I can honestly say without a doubt that No Contest is the best Die Hard rip-off ever made and one of the greatest direct-to-video action movies of all time. We all know that most action films made in the 90’s could’ve been described as “Die Hard in a ______”. While movies like Under Siege (Die Hard in a Boat), Passenger 57 (Die Hard in a Plane), and Sudden Death (Die Hard in a Hockey Stadium) more or less took their plots seriously, No Contest knows it’s a direct-to-video rip-off and has fun with the premise. This flick is essentially Die Hard at a Beauty Pageant. Now just say those words out loud. “Die Hard at a Beauty Pageant.” Doesn’t that just bring a smile to your face?
You have to give a lot of credit to director Paul (the ORIGINAL Prom Night) Lynch. Although the film has the same ingredients as Die Hard (terrorists taking over a building, the hero hides in an air conditioning vent, there’s a lot of talk about “detonators”, the annoying computer hacker, a bunch of people talking on walkie-talkies, an almost indestructible henchman, etc.), No Contest spices up the formula just enough to make everything feel fresh.
First and most notable is the fact that the hero is a woman. Shannon Tweed plays Sharon Bell, an action movie heroine described by one character as “Bruce Lee with boobs!” who is the host of the pageant and winds up fighting the terrorists. Yeah, there were a lot of action movies about kickboxing females in the early 90’s direct-to-video market, but this was the first time someone got the awesome idea to place them in the Die Hard milieu. Lynch films all the kickboxing action in a tightly knit manner and makes good use of the flick’s limited Canadian budget.
Secondly, what sets the film apart from the other rip-offs was the casting of a major comedian in the villain role. The criminal mastermind, Oz is portrayed by none other than Andrew “Dice” Clay, who was just getting his feet wet in the direct-to-video market. Dice Man brings an authority to the role that most villains in these kinds of movies lacked, and his stand-up background is well suited to his character, since most of his dialogue is given to a captive (pun intended) audience. The casting also works extremely well because Dice’s raunchy stage act made him hated by feminists, and since Sharon Bell seems like a strong minded female, it makes sense that Andrew “Dice” Clay would be her natural enemy. Dice Man delivered the goods so well in this movie that the big studios took notice and the next year, they cast comedian/monologist Eric Bogosian as the baddie in Under Siege 2 (Die Hard in a Train).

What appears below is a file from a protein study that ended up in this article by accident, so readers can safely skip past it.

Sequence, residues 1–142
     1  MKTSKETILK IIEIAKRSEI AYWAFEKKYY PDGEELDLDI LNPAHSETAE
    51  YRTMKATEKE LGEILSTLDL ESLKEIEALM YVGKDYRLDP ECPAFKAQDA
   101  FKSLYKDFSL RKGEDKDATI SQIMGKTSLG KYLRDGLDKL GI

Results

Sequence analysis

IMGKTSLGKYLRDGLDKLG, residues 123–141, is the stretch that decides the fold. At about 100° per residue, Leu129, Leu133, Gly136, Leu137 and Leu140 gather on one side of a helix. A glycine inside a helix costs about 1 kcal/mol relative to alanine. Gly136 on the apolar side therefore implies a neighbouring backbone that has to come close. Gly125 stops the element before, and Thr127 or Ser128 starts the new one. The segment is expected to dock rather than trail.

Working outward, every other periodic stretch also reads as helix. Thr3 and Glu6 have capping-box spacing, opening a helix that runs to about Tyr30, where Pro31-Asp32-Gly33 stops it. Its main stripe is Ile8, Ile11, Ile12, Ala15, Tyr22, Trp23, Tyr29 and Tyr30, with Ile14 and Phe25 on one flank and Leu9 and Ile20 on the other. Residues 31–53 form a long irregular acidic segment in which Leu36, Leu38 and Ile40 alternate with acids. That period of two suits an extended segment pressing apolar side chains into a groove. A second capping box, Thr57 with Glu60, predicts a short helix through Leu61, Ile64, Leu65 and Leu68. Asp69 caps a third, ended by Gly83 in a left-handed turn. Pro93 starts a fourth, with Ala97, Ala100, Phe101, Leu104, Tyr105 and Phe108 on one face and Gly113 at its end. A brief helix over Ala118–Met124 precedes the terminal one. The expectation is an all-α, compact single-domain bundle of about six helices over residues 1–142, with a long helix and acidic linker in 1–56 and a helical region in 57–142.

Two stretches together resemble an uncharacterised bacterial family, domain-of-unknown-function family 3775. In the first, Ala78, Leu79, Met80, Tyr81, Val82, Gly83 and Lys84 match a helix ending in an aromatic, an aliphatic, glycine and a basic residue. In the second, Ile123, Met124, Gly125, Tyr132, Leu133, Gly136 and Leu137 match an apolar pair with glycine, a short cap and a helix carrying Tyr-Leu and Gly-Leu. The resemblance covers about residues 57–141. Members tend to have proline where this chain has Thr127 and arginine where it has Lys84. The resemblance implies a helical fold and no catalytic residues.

The third thing the film does differently is that all of the cops are not morons like in Die Hard. The police chief outside the building actually is fairly competent and relies heavily on the intel provided by one of the contestant’s bodyguards (the always fun to watch Robert Davi, himself a veteran of Die Hard). Unlike Die Hard, in which the cops created one big clusterfuck, the police force actually siege control of the building and one of the chicks from the bomb squad (Remember in 1994 when EVERY movie had a bomb in it?) turns out to be a hero as well.
The thing that really elevates the film from its direct-to-video trappings are the performances.
But the movie really belongs to the Dice Man. He gets all of the best lines, including the immortal: “I don’t get it. I kill several innocent people, threaten to blow up a building and the police still don’t take me seriously. Maybe taking over a beauty pageant isn’t the best way to gain respect.”